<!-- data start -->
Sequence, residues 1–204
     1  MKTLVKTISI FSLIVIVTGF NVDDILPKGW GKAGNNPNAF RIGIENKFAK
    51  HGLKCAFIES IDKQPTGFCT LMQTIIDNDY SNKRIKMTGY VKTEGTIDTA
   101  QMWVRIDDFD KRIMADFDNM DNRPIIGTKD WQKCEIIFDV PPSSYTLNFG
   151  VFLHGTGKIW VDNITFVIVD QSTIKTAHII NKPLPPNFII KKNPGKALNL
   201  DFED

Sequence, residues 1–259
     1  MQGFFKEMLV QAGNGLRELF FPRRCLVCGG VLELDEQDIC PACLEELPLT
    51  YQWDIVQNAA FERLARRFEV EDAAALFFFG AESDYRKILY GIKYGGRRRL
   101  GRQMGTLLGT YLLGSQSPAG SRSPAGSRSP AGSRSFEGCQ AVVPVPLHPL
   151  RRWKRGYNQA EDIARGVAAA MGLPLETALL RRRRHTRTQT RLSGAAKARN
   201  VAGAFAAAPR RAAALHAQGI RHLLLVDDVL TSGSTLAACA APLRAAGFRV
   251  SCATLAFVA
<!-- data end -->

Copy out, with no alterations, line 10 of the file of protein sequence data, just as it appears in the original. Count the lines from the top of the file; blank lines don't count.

   101  GRQMGTLLGT YLLGSQSPAG SRSPAGSRSP AGSRSFEGCQ AVVPVPLHPL